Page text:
Today’s service, “The Beloved Divine: Women Mystic Justice Warriors”, invites us to explore women mystics through the ages, looking closely at what they wrote, what they did, and what people said about them. In this investigation we will discover how even the best work of female mystics was often co-opted by men for agendas that were often less than holy. We will also see that many of these women were warriors for a greater justice, singing songs the people of their age too seldom embraced, despite the championing of truth and service their lives embodied.
Author: Rev. Scott Sammler-Michael (Rev. Scott Sammler-Michael)
Too often we get bogged down worrying about the way "things might have been." And even though we may have good reasons to regret, at some point we must live the life before us, assuring we do not add new regrets to our history. Join Rev. Scott on a reflection on how to be gentle and kind with ourselves, no matter what mistakes we have made.
This service is inspired by “What Is Truth?”, a song written by Country Music legend Johnny Cash in 1970 to share his newfound Truth that the Vietnam War was a mistake, and he needed to help end it. Inspired by Cash, together we will explore notions of truth - how we build it, how we proclaim, how we recognize it. Rev Scott is joined by Rev Anya, Dionne Ford, Michael Gilch, Sam Schumann, Paul Lombardo & Dan Silver. Randy Crafton edits the video, Ann Trip calls and does audio, and Joe Palka monitors the broadcast.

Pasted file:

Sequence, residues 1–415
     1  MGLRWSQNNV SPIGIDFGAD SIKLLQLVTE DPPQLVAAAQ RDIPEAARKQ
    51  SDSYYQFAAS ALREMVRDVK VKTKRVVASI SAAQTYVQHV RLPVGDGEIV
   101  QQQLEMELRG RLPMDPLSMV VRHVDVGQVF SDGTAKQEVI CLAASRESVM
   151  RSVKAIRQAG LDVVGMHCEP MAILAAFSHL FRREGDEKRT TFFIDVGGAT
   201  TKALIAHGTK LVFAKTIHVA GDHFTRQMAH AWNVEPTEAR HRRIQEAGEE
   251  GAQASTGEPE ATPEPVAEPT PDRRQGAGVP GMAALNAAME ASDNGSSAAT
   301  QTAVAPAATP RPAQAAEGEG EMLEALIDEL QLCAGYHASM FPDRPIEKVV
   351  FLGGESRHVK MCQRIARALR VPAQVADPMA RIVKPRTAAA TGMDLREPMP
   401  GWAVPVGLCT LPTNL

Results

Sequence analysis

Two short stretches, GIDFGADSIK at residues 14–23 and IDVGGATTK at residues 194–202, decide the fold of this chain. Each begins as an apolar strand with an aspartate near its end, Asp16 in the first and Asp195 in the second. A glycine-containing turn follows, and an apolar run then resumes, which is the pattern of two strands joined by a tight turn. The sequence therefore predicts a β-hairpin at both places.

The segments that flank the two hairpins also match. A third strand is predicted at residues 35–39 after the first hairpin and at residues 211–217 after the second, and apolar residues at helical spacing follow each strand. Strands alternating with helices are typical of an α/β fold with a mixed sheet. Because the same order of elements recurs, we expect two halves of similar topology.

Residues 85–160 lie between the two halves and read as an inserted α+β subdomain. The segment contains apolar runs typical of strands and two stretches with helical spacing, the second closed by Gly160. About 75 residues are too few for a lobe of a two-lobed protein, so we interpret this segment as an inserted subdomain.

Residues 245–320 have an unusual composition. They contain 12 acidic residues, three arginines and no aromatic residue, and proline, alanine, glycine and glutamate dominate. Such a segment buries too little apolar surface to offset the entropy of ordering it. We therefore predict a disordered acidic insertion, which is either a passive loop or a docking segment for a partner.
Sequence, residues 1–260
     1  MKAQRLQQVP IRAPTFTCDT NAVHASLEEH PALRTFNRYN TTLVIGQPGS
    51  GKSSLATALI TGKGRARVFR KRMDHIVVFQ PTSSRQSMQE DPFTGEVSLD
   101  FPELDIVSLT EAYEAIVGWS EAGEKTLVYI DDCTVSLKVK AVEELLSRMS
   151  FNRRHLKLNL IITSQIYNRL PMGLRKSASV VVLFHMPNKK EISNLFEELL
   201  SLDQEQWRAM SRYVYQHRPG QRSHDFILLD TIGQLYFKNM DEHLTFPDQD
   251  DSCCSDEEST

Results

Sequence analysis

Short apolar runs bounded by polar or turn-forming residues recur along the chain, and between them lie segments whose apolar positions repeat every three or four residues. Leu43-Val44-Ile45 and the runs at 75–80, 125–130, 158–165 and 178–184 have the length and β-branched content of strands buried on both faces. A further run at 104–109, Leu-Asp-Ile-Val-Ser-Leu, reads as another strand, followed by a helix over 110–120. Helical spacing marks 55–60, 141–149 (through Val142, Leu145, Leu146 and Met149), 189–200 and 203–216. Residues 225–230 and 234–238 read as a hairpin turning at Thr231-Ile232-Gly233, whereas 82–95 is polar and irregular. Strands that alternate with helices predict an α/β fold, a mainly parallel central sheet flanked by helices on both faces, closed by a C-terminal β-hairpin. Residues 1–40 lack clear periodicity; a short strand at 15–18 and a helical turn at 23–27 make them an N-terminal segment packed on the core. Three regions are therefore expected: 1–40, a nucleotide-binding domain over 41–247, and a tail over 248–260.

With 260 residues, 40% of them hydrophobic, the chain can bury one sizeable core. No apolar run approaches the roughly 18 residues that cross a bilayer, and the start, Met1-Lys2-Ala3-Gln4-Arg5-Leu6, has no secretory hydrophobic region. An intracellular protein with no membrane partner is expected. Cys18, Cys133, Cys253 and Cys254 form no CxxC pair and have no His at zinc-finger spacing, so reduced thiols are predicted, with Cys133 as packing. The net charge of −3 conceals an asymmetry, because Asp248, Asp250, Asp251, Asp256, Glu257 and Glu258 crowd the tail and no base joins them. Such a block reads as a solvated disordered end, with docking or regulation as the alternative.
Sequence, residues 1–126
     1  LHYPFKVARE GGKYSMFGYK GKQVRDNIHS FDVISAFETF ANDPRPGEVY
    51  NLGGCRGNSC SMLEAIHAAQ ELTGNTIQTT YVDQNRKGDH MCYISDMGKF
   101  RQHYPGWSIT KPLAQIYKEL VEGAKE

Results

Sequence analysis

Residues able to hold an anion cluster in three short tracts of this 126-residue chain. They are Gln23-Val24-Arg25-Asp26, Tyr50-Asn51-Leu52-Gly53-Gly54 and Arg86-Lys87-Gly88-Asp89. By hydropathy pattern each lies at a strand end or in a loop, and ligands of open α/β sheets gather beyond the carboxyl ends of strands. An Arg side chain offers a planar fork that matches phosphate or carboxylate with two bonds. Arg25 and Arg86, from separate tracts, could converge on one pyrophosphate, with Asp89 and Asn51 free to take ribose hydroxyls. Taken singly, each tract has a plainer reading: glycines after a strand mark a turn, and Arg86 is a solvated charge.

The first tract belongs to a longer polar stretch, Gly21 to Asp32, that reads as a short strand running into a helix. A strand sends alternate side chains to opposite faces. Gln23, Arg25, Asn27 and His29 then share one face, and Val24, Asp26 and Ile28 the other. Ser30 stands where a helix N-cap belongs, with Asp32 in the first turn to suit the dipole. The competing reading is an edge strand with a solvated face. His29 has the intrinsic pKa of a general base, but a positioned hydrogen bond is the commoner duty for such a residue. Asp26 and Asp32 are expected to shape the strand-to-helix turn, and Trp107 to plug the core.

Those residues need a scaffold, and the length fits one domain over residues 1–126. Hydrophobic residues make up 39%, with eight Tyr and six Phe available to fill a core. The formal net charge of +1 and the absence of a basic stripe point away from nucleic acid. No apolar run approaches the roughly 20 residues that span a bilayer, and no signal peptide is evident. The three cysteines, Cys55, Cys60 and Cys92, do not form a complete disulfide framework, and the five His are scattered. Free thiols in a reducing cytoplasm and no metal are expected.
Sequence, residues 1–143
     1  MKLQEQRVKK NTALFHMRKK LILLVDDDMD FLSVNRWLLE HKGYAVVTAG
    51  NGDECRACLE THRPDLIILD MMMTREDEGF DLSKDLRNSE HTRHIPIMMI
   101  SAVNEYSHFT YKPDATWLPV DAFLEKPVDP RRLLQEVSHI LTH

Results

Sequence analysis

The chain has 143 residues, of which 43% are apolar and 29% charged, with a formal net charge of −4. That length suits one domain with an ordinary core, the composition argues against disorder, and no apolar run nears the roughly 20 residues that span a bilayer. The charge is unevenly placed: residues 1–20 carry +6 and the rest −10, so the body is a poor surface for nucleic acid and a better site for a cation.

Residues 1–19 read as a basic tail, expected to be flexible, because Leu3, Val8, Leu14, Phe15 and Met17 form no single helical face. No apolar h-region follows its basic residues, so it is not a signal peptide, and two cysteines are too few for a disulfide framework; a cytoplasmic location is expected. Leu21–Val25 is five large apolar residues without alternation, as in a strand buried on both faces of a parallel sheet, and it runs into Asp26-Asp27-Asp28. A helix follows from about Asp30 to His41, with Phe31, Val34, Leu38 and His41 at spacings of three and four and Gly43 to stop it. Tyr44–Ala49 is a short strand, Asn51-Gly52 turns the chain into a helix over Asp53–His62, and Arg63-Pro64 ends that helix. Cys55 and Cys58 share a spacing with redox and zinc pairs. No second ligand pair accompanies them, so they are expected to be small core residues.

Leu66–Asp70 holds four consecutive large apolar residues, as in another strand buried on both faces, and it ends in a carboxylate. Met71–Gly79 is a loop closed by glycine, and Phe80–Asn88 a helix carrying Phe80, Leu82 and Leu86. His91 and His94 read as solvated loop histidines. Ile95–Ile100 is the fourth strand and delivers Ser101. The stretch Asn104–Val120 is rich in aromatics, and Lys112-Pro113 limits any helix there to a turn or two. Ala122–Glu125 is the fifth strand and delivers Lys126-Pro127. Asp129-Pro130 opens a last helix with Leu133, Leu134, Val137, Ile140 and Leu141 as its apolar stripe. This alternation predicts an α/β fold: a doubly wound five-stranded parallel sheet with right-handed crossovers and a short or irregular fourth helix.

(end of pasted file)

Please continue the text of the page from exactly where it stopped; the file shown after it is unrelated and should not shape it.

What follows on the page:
Recognizing the deaths and births in our congregation over the past year.
From Rev. Scott Sammler-Michael, Senior Co-Minister Our culture has a weird relationship with play. Americans work more hours, with less paid time off, than people in any industrialized country. Yet advertising tells us we should take long vacations and follow our bliss – find time to play. We don’t like when people are ‘playing around...
Join Rev Scott and Dionne Ford Kurtti as they share insights from our Sisters in the Wilderness class. We will explore how to equip one another to tell stories from our particular experience and identities, and the theologies they demonstrate. Even though, as Dr James Cone says, there is no Universal about God, we each have our own individual, rich lens into truth and divinity.